Towards the end of Corrie’s time in Ravensbruck, her dear sister Betsie grew sicker and sicker, and was taken away to the infirmary where she passed away. This was a devastating moment for Corrie. She cried out, “Lord Jesus–what have You done! Oh Lord, what are You saying! What are You giving me!” But when a nurse brought her to see her sister, she saw Betsie’s face–peacefully asleep, healthy, and young. God allowed her (and the nurses) the blessing of seeing Betsie as she was now in heaven, fully free and joyful, beautiful and strong. It was that grace her father had once talked about. It was the grace from God that Corrie needed to handle the loss of her sister and face the concentration camp alone.

My favorite parts of The Hiding Place are these countless records of God’s presence and care for his children. It’s a powerful testimony. And a deep encouragement.

Forgiving When It Is Impossible

Years after Corrie’s release from Ravensbruck and the end of the war, she worked to help people reconcile after the war–particularly providing food and shelter for the Dutch who had collaborated with the Germans and were now ostracized and thrown out of their homes. She preached reconciliation and forgiveness. In addition to this, she traveled around speaking at churches–sharing the gospel and her unique testimony of God’s power in her life. At one church speaking event, a former SS guard from Ravensbruck came up to her. She immediately recognized him, but he had no idea who she was. He came up to her to say that he was so grateful for her message, and was amazed at the thought that Christ had washed away his sins. This man had been changed by the gospel she was preaching. But she was boiling over with hatred toward him in her heart. He had been one of the men who had forced her and Betsie to strip in front of them and parade into a shower. He had been one of the mockers in that nightmare.

This man reached out his hand to shake hers and she could not move. There was nothing in her that wanted to be kind to him and shake his hand. So she prayed. “Jesus, I cannot forgive him. Give me Your forgiveness.” Then, as she writes, a supernatural thing happened. She took as his hand, and as she did, she felt a current run from her shoulder to her arm and into her hand, and an overwhelming feeling of love for this man came into her heart.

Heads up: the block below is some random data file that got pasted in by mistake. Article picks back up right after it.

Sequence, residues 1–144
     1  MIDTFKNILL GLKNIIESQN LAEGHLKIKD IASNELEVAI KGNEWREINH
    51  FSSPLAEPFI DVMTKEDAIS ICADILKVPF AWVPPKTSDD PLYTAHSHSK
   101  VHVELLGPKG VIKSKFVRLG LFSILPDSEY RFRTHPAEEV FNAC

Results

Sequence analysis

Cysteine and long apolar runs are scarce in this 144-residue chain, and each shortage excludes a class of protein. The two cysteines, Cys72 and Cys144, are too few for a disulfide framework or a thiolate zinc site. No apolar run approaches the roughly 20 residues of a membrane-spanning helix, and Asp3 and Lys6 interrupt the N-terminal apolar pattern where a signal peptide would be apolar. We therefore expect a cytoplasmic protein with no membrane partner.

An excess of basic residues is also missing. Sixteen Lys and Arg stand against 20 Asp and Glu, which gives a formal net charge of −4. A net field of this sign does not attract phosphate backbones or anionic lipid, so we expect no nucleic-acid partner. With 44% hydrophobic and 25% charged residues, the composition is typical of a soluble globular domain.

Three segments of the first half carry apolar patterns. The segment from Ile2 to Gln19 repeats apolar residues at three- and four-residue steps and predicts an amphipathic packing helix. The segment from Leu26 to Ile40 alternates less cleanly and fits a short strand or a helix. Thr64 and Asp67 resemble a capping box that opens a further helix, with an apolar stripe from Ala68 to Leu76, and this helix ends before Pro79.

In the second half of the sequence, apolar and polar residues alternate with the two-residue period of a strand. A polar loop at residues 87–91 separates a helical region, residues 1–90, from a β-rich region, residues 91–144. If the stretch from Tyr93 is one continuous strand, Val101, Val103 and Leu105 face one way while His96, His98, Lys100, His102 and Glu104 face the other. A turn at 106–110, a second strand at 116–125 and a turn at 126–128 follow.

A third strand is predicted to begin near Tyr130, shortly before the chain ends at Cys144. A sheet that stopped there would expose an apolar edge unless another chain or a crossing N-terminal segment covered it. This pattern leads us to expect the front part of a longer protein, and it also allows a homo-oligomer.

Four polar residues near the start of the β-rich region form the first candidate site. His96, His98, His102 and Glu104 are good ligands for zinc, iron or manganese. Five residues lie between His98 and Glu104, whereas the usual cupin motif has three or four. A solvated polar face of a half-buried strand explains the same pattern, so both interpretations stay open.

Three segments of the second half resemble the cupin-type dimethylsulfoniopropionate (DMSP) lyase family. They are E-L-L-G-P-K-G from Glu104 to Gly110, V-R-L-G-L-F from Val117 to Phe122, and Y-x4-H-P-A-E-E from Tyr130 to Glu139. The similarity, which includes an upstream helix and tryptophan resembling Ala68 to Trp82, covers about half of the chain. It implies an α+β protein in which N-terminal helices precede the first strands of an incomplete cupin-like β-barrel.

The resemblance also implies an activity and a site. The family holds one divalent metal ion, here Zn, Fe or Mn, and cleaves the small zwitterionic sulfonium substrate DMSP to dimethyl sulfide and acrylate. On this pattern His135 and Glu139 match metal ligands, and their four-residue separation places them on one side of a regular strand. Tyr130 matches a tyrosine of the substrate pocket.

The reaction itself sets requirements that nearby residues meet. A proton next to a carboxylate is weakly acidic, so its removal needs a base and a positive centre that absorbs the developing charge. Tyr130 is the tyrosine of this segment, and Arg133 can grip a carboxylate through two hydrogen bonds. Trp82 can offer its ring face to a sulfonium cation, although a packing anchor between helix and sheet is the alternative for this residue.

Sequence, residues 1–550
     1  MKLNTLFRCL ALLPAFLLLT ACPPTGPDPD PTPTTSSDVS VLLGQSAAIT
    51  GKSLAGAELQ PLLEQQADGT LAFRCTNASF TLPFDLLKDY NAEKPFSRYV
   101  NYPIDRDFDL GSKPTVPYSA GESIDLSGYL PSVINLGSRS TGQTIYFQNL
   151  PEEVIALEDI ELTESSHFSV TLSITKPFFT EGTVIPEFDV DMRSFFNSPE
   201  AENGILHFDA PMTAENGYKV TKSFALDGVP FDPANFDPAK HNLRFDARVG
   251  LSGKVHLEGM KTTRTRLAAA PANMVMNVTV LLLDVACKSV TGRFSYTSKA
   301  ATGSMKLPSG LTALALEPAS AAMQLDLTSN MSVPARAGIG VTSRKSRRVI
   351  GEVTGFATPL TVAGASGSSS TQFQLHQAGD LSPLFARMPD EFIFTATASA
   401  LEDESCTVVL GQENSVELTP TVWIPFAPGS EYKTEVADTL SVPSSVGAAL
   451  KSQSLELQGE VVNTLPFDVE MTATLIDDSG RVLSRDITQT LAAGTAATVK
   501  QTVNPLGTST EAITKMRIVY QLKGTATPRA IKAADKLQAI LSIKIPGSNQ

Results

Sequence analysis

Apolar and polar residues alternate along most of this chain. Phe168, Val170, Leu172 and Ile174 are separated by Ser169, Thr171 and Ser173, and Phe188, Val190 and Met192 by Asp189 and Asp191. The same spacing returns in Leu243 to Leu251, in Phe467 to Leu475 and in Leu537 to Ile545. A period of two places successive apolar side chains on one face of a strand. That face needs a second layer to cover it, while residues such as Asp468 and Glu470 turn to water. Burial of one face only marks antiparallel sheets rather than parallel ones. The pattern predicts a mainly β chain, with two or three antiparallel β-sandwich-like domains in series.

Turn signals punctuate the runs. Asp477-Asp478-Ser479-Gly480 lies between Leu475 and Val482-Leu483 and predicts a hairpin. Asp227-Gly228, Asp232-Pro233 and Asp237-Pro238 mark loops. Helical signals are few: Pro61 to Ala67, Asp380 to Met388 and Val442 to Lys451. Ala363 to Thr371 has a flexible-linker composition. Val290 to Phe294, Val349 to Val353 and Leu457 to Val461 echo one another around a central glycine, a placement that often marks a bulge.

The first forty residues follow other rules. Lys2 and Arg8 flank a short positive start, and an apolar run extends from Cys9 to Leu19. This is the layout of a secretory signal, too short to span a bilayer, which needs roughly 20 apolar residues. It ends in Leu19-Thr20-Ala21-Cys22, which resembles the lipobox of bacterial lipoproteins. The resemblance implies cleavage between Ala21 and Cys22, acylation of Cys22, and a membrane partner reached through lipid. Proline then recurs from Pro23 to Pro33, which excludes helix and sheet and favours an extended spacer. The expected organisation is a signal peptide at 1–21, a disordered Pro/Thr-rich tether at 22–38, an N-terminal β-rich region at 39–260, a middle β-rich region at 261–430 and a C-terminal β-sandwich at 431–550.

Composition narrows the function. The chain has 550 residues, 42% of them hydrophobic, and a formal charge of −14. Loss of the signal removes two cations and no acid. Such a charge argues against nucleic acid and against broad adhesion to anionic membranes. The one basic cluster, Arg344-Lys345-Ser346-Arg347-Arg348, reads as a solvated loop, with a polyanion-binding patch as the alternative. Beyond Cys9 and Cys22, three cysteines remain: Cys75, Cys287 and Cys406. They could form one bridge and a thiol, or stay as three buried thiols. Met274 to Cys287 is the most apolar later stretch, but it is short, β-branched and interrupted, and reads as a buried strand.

She explains, “And so I discovered that it is not on our forgiveness any more than on our goodness that the world’s healing hinges, but on His. When He tells us to love our enemies, He gives, along with the command, the love itself.”

Corrie’s work after the war to help Dutch citizens and Nazi collaborators to reconcile is an amazing act of forgiveness and love in itself, but the story of her forgiveness of the former SS guard she actually knew and felt hate for is an even greater one. It was not her good heart that forgave him. It was literally Christ’s love passing through her to enable her to forgive and love this man.

There are many times in my own life where my small human heart does not have the capacity to forgive a betrayal or to love someone who deeply hurt me. But then I remember this story. If Corrie could pray for Jesus’s forgiveness to help her forgive an SS officer, I can pray for his forgiveness to enable me to forgive my offender. While I may have not yet experienced an instantaneous love like Corrie received, I too have received a change of heart over time.

Corrie Ten Boom’s testimony of complete dependence on the Lord–for peace and grace in suffering, for love to find another way to travel, for every provision and comfort and blessing in the darkest days and places of the Holocaust, for forgiveness when no forgiveness is possible–is one that inspired me as a child, and continues to encourage me today.

Though I have never met her, I count her as one of my friends, a true kindred spirit.